What are the features and treatment of Brown's syndrome?
Brown’s Syndrome is another type of congenital squint. It is caused by an abnormal pulley system for the superior oblique muscle. Brown’s Syndrome can also develop in later life as a result of damage to this pulley system. In the days before seat belt legislation road traffic accidents were a common cause of this type of injury. It can also occur as a result of inflammation of the pulley system.
Restricted upward movement of the eye when it is looking inwards
The most striking feature of Brown’s Syndrome is restricted upward movement of the affected eye when the eye is looking inwards.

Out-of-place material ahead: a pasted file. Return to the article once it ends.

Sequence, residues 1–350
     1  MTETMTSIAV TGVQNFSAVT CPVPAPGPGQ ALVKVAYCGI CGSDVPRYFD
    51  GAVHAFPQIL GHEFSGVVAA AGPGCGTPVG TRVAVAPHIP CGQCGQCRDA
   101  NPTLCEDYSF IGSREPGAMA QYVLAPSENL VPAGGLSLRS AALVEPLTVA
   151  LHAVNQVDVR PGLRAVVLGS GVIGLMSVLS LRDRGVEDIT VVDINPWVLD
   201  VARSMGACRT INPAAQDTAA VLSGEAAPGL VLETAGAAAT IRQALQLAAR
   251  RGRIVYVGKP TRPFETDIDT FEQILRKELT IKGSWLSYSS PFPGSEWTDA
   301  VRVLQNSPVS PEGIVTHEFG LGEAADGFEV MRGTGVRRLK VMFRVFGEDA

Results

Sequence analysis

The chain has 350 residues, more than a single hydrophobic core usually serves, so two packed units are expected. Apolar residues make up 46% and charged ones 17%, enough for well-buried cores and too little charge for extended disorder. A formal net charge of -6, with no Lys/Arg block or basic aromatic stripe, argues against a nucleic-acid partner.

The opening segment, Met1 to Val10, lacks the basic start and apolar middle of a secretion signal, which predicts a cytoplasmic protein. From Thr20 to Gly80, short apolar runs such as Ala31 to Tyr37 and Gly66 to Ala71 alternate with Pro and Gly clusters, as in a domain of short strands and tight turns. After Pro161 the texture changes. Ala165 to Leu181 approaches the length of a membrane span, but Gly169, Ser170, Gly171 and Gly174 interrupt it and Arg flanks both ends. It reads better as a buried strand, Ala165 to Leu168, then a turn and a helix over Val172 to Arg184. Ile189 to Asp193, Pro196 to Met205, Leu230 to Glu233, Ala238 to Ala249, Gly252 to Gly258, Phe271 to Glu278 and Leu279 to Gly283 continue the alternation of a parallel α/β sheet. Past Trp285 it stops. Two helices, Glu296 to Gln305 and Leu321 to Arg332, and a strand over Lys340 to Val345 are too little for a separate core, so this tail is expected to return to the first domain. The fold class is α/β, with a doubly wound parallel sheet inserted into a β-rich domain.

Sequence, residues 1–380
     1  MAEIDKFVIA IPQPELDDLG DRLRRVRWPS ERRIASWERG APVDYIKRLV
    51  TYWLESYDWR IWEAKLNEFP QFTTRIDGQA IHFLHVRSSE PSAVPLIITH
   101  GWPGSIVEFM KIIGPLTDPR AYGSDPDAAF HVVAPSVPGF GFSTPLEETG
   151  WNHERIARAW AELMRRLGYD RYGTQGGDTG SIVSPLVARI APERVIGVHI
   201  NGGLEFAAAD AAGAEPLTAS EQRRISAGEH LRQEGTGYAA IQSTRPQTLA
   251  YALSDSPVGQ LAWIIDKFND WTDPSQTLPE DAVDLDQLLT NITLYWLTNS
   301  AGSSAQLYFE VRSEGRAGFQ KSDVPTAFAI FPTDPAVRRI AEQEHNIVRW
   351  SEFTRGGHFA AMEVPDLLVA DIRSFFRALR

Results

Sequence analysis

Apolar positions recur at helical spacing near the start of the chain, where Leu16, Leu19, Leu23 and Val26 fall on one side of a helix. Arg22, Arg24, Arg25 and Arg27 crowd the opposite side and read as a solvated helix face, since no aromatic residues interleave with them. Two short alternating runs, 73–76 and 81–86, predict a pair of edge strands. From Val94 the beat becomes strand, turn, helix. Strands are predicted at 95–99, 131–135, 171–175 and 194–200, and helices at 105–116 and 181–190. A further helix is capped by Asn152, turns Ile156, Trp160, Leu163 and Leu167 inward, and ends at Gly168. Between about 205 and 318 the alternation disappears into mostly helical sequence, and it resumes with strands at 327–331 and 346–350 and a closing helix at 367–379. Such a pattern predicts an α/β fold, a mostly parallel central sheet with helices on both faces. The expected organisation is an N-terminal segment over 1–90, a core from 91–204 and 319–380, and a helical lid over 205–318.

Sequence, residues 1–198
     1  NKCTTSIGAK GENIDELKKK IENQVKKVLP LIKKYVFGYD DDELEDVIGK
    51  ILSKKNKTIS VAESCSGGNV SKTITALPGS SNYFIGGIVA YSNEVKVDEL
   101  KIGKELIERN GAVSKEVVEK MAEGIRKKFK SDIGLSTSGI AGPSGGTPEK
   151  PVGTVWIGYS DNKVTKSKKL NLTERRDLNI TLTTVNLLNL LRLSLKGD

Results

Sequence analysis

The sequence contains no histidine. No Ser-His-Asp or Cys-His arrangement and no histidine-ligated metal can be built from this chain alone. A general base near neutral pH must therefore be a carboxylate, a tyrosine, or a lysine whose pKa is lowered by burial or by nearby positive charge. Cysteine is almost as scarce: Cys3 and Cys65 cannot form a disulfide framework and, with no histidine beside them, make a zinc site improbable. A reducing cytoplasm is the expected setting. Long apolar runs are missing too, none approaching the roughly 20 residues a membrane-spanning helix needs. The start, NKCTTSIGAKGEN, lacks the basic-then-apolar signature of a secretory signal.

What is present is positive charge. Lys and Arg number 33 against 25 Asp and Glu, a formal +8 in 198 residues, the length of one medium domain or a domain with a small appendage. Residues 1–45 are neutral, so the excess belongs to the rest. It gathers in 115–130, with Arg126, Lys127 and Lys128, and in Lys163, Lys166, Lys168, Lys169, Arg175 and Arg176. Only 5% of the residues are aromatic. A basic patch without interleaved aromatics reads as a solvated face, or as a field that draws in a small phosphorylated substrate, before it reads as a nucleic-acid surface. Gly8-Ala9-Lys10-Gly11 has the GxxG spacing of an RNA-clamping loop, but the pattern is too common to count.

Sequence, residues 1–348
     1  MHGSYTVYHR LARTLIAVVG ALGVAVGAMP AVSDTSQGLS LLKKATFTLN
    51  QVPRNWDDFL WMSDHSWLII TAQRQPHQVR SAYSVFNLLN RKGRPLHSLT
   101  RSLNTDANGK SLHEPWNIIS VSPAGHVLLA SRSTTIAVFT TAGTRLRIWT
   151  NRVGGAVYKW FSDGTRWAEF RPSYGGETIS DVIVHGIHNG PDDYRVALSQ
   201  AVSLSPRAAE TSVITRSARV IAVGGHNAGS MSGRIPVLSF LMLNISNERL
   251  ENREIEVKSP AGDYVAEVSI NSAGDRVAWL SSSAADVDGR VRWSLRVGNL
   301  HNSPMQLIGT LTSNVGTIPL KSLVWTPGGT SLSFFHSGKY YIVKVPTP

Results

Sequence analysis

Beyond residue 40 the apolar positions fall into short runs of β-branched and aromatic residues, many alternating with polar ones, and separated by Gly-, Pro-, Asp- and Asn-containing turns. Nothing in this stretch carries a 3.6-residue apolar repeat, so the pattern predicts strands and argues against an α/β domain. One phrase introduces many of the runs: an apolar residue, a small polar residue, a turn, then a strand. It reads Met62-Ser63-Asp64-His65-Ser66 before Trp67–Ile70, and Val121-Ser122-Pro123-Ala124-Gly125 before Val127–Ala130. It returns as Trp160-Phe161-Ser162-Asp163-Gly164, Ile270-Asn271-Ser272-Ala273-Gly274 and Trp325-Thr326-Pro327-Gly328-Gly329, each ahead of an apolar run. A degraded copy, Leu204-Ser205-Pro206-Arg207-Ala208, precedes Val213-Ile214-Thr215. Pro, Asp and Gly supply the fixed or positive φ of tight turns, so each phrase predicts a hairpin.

This is particularly obvious in smaller children when they try to look upwards at their parents.
The vast majority of children with Browns Syndrome develop good vision in both eyes, good stereopsis and do not need any form of surgery.
Surgery is only required if there is a significant squint in the straight ahead position and / or if the upward movement of the eye is a very restricted.
The aim of surgery is to weaken the superior oblique muscle so it moves more smoothly through the pulley. This can be done either by lengthening the tendon by inserting a length of silicone into the tendon, or by moving the insertion of the muscle closer to the pulley.